OPINION STATEMENT: Palliative care has evolved over the decades from its roots in the hospice movement to a much wider approach in which early intervention further "upstream" in the illness is encouraged to improve quality of life for patients and their families. This new definition has a strong evidence base in cancer trials and is supported by major national and international organizations. However, it has proven difficult to convince patients, the public, and even healthcare providers, of this upstream migration of palliative care, with many continuing to associate palliative care exclusively with end-of-life care. A multitude of definitions now exists, with varying emphasis on early intervention versus end-of-life care. In addition, a new nomenclature has emerged to conceal the end-of-life component of palliative care despite its continued importance, adding further to the confusion. Uncertainty within the specialty about the definition of palliative care will not reassure referring physicians and policymakers about its meaning nor convince them of its importance. Accuracy and clarity in the form of an established definition of palliative care are required to reduce misconceptions, facilitate clinical and academic development, and promote effective communication. This definition should acknowledge both expertise in end-of-life care and its relevance for improving outcomes early in the course of advanced cancer, and should be disseminated widely and practiced consistently.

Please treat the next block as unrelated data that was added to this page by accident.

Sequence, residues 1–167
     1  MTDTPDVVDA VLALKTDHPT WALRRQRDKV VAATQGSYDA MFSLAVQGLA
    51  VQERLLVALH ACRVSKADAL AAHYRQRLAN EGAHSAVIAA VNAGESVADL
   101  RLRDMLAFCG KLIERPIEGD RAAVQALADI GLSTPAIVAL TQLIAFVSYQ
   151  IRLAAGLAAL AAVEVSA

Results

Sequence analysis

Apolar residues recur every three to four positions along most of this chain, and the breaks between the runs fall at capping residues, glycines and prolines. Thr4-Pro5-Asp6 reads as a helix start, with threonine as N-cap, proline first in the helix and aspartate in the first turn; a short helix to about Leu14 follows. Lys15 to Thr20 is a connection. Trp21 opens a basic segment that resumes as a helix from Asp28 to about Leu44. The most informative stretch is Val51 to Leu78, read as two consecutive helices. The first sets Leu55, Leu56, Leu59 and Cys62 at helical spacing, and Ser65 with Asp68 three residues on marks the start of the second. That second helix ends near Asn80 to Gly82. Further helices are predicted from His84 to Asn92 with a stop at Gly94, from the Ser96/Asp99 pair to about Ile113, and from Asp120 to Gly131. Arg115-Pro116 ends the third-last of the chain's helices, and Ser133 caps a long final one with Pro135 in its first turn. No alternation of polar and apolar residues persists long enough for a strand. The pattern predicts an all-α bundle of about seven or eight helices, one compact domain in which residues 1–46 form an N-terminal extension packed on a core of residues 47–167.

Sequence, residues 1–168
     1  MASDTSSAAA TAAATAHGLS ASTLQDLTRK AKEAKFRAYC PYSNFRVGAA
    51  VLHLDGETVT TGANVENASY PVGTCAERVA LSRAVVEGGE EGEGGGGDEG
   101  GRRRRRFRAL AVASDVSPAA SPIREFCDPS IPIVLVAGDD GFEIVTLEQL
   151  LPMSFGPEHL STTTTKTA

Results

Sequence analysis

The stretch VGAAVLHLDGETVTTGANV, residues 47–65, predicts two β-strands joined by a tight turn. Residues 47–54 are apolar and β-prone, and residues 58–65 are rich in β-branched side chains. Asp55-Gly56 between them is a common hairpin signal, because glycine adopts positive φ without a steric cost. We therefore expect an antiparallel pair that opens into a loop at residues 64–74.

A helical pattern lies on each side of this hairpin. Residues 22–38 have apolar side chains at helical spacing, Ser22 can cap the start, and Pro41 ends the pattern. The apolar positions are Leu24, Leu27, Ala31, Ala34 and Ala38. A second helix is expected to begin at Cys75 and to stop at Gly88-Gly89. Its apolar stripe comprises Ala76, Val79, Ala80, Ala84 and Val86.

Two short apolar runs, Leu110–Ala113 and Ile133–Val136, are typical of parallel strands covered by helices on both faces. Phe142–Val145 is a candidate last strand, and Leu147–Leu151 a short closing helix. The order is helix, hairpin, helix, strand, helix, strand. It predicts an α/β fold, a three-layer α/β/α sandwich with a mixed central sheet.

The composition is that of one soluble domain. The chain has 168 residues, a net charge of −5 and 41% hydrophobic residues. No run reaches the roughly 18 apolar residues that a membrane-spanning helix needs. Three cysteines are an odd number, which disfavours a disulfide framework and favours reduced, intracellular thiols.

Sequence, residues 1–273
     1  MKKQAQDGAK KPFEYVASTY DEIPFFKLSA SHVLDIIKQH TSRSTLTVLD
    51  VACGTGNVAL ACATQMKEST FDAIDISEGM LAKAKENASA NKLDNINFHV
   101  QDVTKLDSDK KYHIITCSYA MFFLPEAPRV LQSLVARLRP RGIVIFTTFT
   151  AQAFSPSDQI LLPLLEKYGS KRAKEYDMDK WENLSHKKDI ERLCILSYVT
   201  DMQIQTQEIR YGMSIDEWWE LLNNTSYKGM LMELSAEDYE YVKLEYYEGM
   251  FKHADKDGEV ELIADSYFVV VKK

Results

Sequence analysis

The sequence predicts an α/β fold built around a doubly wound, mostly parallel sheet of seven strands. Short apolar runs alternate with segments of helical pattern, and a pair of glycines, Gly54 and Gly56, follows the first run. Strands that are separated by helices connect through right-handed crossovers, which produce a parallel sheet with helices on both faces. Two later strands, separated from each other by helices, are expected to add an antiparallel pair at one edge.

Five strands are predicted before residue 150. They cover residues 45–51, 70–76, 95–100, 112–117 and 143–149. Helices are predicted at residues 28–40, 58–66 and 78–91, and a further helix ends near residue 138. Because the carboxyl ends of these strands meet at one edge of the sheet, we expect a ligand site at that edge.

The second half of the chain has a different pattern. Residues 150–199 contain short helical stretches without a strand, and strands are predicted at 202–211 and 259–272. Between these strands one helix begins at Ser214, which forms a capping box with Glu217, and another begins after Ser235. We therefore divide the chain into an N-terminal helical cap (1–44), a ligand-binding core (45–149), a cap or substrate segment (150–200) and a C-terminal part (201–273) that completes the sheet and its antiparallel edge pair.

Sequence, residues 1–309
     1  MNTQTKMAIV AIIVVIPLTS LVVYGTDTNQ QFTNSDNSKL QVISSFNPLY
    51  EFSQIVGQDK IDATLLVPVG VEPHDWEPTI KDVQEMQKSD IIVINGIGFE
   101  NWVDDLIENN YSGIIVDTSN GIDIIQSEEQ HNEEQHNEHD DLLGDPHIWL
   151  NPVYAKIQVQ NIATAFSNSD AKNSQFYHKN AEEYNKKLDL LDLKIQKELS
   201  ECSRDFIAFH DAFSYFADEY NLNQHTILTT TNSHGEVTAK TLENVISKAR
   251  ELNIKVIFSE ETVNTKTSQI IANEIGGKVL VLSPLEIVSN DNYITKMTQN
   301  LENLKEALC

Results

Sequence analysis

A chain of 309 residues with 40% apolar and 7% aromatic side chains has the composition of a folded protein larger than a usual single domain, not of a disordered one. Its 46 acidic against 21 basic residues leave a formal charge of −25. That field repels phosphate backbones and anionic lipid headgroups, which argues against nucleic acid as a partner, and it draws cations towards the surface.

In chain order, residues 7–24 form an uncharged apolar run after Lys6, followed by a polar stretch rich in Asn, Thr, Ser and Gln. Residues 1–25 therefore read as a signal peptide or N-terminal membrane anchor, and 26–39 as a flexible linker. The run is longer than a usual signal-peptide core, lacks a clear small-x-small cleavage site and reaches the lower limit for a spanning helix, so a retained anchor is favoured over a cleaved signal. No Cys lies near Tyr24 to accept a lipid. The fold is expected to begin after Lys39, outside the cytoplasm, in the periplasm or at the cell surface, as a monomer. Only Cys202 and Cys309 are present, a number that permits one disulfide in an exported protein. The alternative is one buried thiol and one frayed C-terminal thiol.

BACKGROUND: In recent decades, issues related to end-of-life care and advance care planning (ACP) have attracted popular attention. Advance care planning has been broadly discussed as one of the potential solutions to protect a patient's rights, autonomy, and dignity at the end of life. To better understand publishing on this topic, we conducted this study to demonstrate the worldwide research productivity, trends, and citations of ACP in the past 3 decades by bibliometric analysis.
METHODS: Articles published on ACP were retrieved from the Web of Science Core Collection database, and the subject terms included "advance directive," or "advance care planning."